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Public Radio's Environmental News Magazine (follow us on Google News)

Beyond the Headlines

Air Date: Week of

A group of 140 Scotch distilleries in Scotland have agreed to achieve net zero carbon emissions to maintain a good reputation among tourists and preserve the local peat bogs. (Photo: PublicDomainPictures, Pixabay)

Living on Earth Contributor Peter Dykstra joins Host Bobby Bascomb to talk about Scotch whiskey going green. Also, armadillos are marching north into the Midwest thanks to climate change. And in history, they look back to likely the only time mafia boss Charles “Lucky” Luciano was held accountable for a killing, with the victim a pheasant.


CURWOOD: It’s Living on Earth, I’m Steve Curwood.

BASCOMB: And I’m Bobby Bascomb.

Well, it's time for a trip now beyond the headlines. With Living on Earth contributor Peter Dykstra. He's on the line from Atlanta, Georgia. Hey there, Peter, what do you have for us this week?

DYKSTRA: First, we'll go to Scotland, where there are 140 distilleries that have united to try and make whiskey making net zero. They're using a mix of wind energy, possibly tidal energy, and other things to get away from the traditional use of fuels and peat from peat bogs, traditionally burnt in Scotland for warmth and energy. And they're making some progress, but an awful lot to go.

BASCOMB: Well, that's great. But why the sudden interest in green energy there in Scotland?

DYKSTRA: Well, several things. Number one, in recent decades, the people of Scotland have been very environmentally aware. Number two, whiskey is a huge export in the entire United Kingdom. It's one of the biggest dollar-for-dollar food and beverage exports they have. And number three, a lot of these small Scotch distilleries are tourist attractions, and they want to keep goodwill with tourists. It all amounts to something that is enlightened self-interest for the Scots who makes scotch.

BASCOMB: Wow, well, that's a great example of you know, consumer demand driving progress for the environment. What else do you have for us this week?

DYKSTRA: Little story that's been brewing for 20 years on this side of the pond. And armadillos, you either love them or they're just kind of an ugly little nuisance. They started showing up here in Georgia 20 and 30 years ago, and now there are reports of armadillos as far north as Southern Illinois and Southern Indiana. They're moving north due to climate change as things warm up. Armadillos food source is more available, and they're surviving at much higher rates. There was a study done by researchers at Valdosta State University about 10 years ago that projected that with projections of climate change and warming, that someday we will see armadillos as far north as Washington DC on the East Coast and Omaha in the Midwest.

Due to climate change, Armadillos' habitat is expanding further and further north as the warming winters provide them with food year-round. (Photo: MikeGoad, Pixabay)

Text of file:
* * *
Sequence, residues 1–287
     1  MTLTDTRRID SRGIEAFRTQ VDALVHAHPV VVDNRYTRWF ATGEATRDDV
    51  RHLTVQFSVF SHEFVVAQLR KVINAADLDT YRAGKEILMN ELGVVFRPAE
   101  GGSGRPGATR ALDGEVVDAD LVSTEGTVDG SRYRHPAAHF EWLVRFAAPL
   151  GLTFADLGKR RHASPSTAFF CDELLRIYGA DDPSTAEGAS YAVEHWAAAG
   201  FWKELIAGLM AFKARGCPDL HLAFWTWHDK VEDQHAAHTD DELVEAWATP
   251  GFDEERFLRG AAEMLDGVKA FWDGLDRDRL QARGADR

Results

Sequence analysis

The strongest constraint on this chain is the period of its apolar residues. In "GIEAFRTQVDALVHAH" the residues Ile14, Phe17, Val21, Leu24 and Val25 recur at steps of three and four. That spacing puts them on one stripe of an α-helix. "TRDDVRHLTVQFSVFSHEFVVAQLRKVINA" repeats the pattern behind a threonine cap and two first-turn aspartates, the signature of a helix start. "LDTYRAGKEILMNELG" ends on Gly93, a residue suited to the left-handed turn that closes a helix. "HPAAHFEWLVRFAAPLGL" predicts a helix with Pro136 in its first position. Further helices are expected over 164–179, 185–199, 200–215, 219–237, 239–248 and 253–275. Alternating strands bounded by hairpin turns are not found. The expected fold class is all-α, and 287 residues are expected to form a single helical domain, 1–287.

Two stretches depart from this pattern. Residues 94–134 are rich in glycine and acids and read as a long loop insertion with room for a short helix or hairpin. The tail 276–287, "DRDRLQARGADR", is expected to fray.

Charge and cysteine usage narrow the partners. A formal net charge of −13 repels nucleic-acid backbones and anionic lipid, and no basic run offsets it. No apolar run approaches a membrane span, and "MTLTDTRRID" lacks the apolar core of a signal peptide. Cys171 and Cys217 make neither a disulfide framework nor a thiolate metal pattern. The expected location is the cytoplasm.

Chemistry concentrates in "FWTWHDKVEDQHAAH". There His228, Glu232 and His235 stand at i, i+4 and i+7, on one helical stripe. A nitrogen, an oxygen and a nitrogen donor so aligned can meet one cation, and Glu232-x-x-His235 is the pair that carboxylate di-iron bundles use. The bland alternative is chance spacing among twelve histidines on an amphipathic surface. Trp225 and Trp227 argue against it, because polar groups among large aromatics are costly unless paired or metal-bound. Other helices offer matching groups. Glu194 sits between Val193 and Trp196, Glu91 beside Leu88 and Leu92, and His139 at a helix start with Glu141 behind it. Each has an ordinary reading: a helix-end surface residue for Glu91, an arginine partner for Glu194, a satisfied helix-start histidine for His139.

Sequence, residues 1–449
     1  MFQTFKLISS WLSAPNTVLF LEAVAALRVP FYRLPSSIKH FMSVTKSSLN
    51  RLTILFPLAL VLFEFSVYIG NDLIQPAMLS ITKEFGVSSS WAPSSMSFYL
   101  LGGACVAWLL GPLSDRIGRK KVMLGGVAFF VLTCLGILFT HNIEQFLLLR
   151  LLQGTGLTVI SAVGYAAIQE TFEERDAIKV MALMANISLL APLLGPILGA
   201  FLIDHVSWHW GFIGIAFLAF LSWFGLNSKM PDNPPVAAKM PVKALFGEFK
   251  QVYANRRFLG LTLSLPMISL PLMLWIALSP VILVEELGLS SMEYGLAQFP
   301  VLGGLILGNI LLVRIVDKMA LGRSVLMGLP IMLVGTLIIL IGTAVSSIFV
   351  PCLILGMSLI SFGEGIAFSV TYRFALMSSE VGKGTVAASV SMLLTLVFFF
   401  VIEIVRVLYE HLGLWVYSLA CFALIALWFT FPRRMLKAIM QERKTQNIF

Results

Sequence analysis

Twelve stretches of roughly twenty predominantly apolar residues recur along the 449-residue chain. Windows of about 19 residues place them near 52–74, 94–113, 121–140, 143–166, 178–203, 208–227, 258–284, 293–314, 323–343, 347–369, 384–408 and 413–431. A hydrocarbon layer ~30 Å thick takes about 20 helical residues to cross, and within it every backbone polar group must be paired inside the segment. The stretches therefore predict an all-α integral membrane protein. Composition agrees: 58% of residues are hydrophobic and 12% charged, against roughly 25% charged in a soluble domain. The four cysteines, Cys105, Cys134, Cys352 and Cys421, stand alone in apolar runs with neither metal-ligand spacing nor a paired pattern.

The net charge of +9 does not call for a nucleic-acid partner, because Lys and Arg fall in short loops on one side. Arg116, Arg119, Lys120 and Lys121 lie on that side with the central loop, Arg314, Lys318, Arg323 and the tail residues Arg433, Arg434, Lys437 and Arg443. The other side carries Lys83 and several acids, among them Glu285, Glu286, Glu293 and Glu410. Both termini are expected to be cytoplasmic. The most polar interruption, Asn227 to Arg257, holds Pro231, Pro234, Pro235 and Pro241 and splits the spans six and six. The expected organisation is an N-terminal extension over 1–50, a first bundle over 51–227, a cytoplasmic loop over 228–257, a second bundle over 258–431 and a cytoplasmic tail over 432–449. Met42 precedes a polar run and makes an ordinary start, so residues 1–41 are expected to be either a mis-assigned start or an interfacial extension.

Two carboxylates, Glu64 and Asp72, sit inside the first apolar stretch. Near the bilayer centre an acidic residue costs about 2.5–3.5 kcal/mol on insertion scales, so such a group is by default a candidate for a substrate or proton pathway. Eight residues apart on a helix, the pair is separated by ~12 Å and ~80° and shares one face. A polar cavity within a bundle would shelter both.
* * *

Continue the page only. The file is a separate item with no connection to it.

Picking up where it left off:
BASCOMB: Wow. So what kind of impacts might armadillos have in a new ecosystem? You know, further north?

DYKSTRA: Not much they leave quite a stank when they're dead by the side of the road. They don't tend to be disruptive with other ecosystems. They survive on things like grubs and worms.

BASCOMB: You said that they're common roadkill, you know, armadillos, they're sort of like these little well armored tanks. I wonder if they can be dangerous at all as roadkill?

DYKSTRA: Not necessarily dangerous. There no match for a tire, and they just tend to be helpless out there by the side of the road.

BASCOMB: Oh, poor armadillo. Well, I hope they fare better in the north. Well, what do you see for us from the history books this week?

DYKSTRA: March 31st, 1929, big mafia boss Charles Lucky Luciano. He was said to head all of the mafia families in New York. He was successfully prosecuted the only time in his life for killing. And that killing wasn't a mobster or somebody in debt or a rival. It was a pheasant. An Ulster County New York Game Warden fined Lucky Luciano 50 bucks for shooting a pheasant out of season. That pheasant of course sleeps with the fishes. And Lucky went on to do his day-by-day supervision of killing for which he was never put in jail, not for murder.

Gangster Charles “Lucky” Luciano never served time for the human murders he facilitated, but he was caught for one killing: that of a pheasant. (Photo: Remo Nassi, Wikimedia Commons, Public Domain)

BASCOMB: Well, that sort of reminds me of Al Capone that got put away for tax evasion. But of course, I don't suppose anybody's going to see prison time for shooting a pheasant?

DYKSTRA: No. Capone actually ended up doing serious time for that. Lucky Luciano did not. He eventually got caught on some other charges, but not for killing any human being.

BASCOMB: Well, thanks for sharing these stories with us, Peter. Peter Dykstra is a contributor for Living on Earth, and we'll talk to you again real soon.

DYKSTRA: All right, Bobby, thanks a lot. Talk to you soon.

BASCOMB: And there's more on the stories on the Living on Earth website. That's loe.org.



To read more about the distilleries’ decision to go net zero, read the original Washington Post article by William Booth

To learn more about Armadillos' movement north, read about it on the Yale Climate Connections website

You can read more about Lucky Luciano’s pheasant failing and his life story in Tim Newark’s book Boardwalk Gangster: The Real Lucky Luciano


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